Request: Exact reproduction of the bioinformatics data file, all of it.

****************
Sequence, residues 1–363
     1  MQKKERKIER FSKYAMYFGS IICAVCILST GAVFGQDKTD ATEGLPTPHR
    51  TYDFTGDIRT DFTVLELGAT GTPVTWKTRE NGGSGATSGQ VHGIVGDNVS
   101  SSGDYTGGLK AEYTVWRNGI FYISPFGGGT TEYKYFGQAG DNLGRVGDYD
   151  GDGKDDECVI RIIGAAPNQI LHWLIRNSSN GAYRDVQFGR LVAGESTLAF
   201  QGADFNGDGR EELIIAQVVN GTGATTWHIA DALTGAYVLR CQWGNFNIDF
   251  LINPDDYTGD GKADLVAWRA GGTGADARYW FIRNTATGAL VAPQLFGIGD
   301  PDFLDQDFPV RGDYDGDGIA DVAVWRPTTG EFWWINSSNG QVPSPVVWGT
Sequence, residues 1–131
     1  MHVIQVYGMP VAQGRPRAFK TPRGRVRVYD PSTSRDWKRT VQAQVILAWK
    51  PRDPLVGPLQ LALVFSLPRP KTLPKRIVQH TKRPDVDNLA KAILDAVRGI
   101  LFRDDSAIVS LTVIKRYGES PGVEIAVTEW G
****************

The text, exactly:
Sequence, residues 1–363
     1  MQKKERKIER FSKYAMYFGS IICAVCILST GAVFGQDKTD ATEGLPTPHR
    51  TYDFTGDIRT DFTVLELGAT GTPVTWKTRE NGGSGATSGQ VHGIVGDNVS
   101  SSGDYTGGLK AEYTVWRNGI FYISPFGGGT TEYKYFGQAG DNLGRVGDYD
   151  GDGKDDECVI RIIGAAPNQI LHWLIRNSSN GAYRDVQFGR LVAGESTLAF
   201  QGADFNGDGR EELIIAQVVN GTGATTWHIA DALTGAYVLR CQWGNFNIDF
   251  LINPDDYTGD GKADLVAWRA GGTGADARYW FIRNTATGAL VAPQLFGIGD
   301  PDFLDQDFPV RGDYDGDGIA DVAVWRPTTG EFWWINSSNG QVPSPVVWGT
Sequence, residues 1–131
     1  MHVIQVYGMP VAQGRPRAFK TPRGRVRVYD PSTSRDWKRT VQAQVILAWK
    51  PRDPLVGPLQ LALVFSLPRP KTLPKRIVQH TKRPDVDNLA KAILDAVRGI
   101  LFRDDSAIVS LTVIKRYGES PGVEIAVTEW G